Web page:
• Woody- If you were truly expecting “a justice for Palestinians” speech from Obama you haven’t been paying attention these 28 months of his presidency.

        The timing of Obama’s speech was designed to preempt Netanyahu’s speech to the Congress and therefore there was only one key line: 67 borders as the basis. Whether the gain from making the statement will be worth it in the struggle of wills between Netanyahu and Obama will be played out in the next few years.

        All this Aipac ass licker rhetoric I guess is considered appropriate blogosphere rhetoric, but I’m not really impressed.

        • James North says:

          WJ: Good point.

        • Woody Tanaka says:

          wondering jew,

          You didn’t ask what I was expecting, you asked what I hoped for.

          And I don’t concern myself with whether you’re impressed or not with the expression “AIPAC ass-licker.” I don’t use it to impress anyone, I used it because what I wanted to say probably would not have been permitted.

  34. So this was the general speech, for all Americans. Sundays whoring to AIPAC will be the speech for all status-quo-supporters. Then why doesn’t he balance that with a third speech for the justice-seekers? He could deliver a speech when the US Ship to Gaza departs, for example.

  35. ish says:

    Isn’t calling for the State of Palestine to be “demilitarized” key here? I mean I’m quite against war, but the Palestinians must have the right to defend themselves. Otherwise this is just the proposal for a Bantustan a la Bophutatswana and Transkei. Apartheid indeed.

    • lysias says:

      As for security, every state has the right to self-defense, and Israel must be able to defend itself – by itself – against any threat.

      If every state has the right to self-defense, doesn’t that mean that the new Palestinian state must also be able to defend itself against any threat? Just how does a demilitarized Palestine do that?

    • Woody Tanaka says:

      ish, You are absolutely right. There is nothing in the “demilitarization” plan that is, in any way, just. Indeed, as Obama said, every state has a right to defend itself, as, indeed, every people, have a right to defend themselves. Thus, the Palestinians must be permitted the weapons needed to fight their tormentors.

    • pjdude says:

      calling for a demilitarized palestinians state is calling for no palestinians state. a military and the ability to freely defends own territory is one of the most fundemental aspects of a state.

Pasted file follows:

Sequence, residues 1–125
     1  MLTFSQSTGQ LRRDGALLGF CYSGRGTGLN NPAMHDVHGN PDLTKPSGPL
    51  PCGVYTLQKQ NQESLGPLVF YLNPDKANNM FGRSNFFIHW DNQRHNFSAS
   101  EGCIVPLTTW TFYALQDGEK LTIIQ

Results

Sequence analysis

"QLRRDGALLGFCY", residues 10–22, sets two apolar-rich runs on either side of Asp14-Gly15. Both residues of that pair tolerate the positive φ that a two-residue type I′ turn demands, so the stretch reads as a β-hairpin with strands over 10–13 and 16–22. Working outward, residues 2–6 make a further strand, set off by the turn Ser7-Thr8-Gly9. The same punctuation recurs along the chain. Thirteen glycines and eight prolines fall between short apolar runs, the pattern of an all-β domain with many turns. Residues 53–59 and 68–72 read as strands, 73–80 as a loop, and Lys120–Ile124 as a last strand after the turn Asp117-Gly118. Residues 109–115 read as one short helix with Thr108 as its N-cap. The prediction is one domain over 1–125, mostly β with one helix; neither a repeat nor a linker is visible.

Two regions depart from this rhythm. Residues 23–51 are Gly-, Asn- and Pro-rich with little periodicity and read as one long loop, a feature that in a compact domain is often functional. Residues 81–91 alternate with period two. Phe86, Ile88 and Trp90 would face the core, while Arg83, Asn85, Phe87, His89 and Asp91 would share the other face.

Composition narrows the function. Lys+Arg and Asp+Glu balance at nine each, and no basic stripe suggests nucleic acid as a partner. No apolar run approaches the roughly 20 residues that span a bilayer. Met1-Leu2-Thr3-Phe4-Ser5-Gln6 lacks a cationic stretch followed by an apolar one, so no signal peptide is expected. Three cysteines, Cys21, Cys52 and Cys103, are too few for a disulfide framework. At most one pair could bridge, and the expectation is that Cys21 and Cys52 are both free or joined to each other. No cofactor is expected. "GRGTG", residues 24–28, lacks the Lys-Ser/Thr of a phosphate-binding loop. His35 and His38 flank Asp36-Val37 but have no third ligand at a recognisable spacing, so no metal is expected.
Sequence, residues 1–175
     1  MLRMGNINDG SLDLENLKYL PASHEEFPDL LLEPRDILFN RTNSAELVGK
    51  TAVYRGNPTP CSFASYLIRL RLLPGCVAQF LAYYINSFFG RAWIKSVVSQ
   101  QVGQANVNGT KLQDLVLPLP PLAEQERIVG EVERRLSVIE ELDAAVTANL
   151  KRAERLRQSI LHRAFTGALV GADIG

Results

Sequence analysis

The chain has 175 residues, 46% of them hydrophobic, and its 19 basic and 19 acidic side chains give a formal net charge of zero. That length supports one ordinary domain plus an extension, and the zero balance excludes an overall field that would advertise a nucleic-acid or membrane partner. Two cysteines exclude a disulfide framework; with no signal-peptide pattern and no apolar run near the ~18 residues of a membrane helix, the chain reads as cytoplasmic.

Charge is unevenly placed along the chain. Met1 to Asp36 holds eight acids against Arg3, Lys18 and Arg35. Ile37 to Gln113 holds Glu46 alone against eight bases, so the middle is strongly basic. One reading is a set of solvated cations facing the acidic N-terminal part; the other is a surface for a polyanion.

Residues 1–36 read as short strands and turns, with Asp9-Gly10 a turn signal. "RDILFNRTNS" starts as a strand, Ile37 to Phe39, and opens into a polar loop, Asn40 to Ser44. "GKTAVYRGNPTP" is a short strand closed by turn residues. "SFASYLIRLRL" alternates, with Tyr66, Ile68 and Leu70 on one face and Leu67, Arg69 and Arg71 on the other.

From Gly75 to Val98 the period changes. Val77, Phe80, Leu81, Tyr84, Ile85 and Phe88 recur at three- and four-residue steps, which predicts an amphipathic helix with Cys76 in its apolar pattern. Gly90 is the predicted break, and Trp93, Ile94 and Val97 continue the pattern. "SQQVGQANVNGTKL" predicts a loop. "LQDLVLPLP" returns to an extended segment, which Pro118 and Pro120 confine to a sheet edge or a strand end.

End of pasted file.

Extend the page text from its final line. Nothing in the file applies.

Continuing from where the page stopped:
36. yourstruly says:

    open the door, presiden barack hussein obama*

    open the door and let us** in

    open the door president barack hussein obama

    open the door and let us in

    how?

    by his declaring that justice for palestine + troops now is the way towards a just peace in the mideast

    turnabout?

    just around the corner

    at most a half an hour

    one can count on it

    based on?

    it’s in the stars

    *to the tune of “open the door richard”

    **us, as in the all for one and one for all

  37. I assume you read Netanyahu’s reaction, not so positive.

    AIPAC influence? Prove it.

    A speech for AIPAC? Good, he says the same thing to all audiences. Integrity.

    • annie says:

      integrity?

      hahahahahahahahahahaha

    • Woody Tanaka says:

      “AIPAC influence? Prove it.”

      Witty in Astronomy 101: “The Earth goes around the sun? Prove it.”
      Witty in English 101: “The word ‘house’ is a noun? Prove it.”
      Witty in Biology 101: “Blood carries oxygen? Prove it.”
      Witty in Physics 101: “If I let go of a stone, it falls to the floor? Prove it.”
      Witty in Math 101: “1 + 1 = 2? Prove it.”
      etc.

      • Donald says:

        Witty fish in the ocean: “You mean there’s such a thing as water? Prove it.”

        I’m a broken record on this subject, but American liberals who want to sound sympathetic to Palestinians often phrase the issues in ways that suggest Palestinians are inferior beings whose lives and rights don’t matter as much as those of Israelis. It’s there all through the I/P section of Obama’s speech. Witty doesn’t notice it because those assumptions permeate his own thinking.

        • Woody Tanaka says:

          “Witty doesn’t notice it because those assumptions permeate his own thinking.”

          I think that is exactly right. When someone like Witty or some PEP tries to pump up their liberal/progressive credentials and goes off on how the situation for their favored group constitutes an exception, then I just shake my head at the complete lack of self-awareness.

    • Shingo says: